A Master Bao tale from the T’ang Dynasty

Artist Fan Zeng (b.1938) on Unsplash

Master Bao rode his great ox Xi along a river road in the district of Hue-Pen. His student Ping walked alongside.

“This is a wide river, Master,” Ping exclaimed. “with a lot of boat traffic.”

Master Bao turned to Ping. “Indeed, Student Ping,” Master Bao said. “Wide and long. The Hue River stretches over a thousand Li, from Shannandong Province to the sea. The next village, Peng Li, is well-known as a trading port.”

Just ahead, a group of six men dressed as merchants were huddled together deep in conversation. They stood on a dock to which a small boat…

Cover by Kristi Ryder of www.kryderdesign.com for the author

A Charles Goodfoote Mystery in Old San Francisco



Deep in the San Mateo Mountains of the Territory of New Mexico, the Apache warrior woman, Kaya-Te-Nse, of the Red Paint band, poured more water on the red-hot rocks to bring up the heat and steam of the sweat lodge. She inhaled through her nose to keep the burning sweetgrass and sage from making her cough, then forced the air out through her mouth. A long, soft sound accompanied each exhalation, as Kaya bent her naked body forward, close to the coals.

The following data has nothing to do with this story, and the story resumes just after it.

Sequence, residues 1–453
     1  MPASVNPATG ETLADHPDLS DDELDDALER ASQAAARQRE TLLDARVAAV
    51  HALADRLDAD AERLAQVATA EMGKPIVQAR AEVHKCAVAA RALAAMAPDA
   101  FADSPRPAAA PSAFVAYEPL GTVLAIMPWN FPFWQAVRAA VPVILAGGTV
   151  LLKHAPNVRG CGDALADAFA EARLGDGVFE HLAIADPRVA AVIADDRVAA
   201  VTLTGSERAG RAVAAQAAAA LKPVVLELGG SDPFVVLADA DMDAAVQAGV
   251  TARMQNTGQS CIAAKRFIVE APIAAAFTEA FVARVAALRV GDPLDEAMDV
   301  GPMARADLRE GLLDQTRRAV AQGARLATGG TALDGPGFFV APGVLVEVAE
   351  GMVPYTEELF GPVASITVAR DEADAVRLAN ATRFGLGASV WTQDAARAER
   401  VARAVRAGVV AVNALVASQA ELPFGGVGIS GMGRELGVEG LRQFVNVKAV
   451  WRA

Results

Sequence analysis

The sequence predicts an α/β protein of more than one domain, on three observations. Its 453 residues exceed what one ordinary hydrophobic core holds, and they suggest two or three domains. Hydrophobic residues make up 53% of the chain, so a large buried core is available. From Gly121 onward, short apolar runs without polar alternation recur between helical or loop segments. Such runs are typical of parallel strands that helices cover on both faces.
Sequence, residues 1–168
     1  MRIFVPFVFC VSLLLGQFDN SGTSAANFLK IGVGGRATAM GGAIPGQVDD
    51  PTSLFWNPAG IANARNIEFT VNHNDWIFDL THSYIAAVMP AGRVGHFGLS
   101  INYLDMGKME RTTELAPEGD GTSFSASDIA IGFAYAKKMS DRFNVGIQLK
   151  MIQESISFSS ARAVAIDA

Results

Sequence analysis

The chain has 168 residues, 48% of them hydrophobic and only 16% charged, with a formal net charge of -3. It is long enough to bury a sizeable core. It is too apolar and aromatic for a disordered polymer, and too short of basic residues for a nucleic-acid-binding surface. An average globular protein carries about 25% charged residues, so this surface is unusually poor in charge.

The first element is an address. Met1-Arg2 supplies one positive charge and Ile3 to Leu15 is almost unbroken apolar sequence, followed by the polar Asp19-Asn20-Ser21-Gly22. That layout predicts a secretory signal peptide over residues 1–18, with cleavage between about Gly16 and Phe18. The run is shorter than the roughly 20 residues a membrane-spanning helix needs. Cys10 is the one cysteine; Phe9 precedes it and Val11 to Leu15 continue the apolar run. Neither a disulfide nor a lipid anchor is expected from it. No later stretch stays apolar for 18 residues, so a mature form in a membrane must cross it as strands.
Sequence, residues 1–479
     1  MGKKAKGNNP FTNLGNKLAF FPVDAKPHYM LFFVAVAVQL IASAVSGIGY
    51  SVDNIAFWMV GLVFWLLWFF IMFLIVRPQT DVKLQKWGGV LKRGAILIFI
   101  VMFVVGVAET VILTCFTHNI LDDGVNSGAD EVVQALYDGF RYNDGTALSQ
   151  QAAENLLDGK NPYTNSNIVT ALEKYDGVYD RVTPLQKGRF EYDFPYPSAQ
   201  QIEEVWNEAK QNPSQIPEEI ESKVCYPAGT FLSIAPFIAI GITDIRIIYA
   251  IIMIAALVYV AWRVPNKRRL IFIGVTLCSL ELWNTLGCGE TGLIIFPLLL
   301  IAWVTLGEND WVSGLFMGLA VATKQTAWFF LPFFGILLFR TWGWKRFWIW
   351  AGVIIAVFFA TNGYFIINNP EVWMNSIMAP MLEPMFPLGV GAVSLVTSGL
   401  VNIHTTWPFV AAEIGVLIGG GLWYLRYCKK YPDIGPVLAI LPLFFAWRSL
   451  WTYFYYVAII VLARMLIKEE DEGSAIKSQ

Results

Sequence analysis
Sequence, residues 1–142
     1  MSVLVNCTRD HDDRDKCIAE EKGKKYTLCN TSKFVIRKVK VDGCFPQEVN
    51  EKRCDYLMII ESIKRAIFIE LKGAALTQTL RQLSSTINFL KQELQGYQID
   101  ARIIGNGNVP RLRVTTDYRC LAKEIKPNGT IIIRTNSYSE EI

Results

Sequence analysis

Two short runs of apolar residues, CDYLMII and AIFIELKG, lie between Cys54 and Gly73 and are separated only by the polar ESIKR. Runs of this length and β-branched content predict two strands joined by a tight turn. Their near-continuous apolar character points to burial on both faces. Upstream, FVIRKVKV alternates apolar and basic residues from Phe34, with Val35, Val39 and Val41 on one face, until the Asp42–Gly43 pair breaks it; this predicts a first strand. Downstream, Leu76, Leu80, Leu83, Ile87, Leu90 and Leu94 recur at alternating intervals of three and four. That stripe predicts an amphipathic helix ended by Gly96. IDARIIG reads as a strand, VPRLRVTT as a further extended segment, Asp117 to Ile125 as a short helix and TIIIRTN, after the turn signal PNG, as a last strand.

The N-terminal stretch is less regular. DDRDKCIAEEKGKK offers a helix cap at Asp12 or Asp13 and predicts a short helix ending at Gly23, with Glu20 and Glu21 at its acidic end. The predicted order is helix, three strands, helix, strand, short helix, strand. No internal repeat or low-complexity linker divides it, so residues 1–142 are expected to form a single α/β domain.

As she prayed for a vision, a sign that would help all the People, she closed…

“This moment is all we have in which to live our joy.”

artist Fan Zeng (b. 1938) in Unsplash

A tale of the Tang Dynasty (618–907 CE)

Master Bao rode his ox, Xi, along a trail that led through a beautiful forest of vibrant green leaves, and ground cover of blooming flowers. His pupil Ping walked alongside his master.

“This is a most beautiful forest,” Ping said. “And the day is sunny, with no clouds in the sky.”

Master Bao turned to Ping and smiled. “How do you feel, Ping, on such a day in such a forest?”

An attack on Master Bao is thwarted

artist Fan Zeng (b. 1938) on Unsplash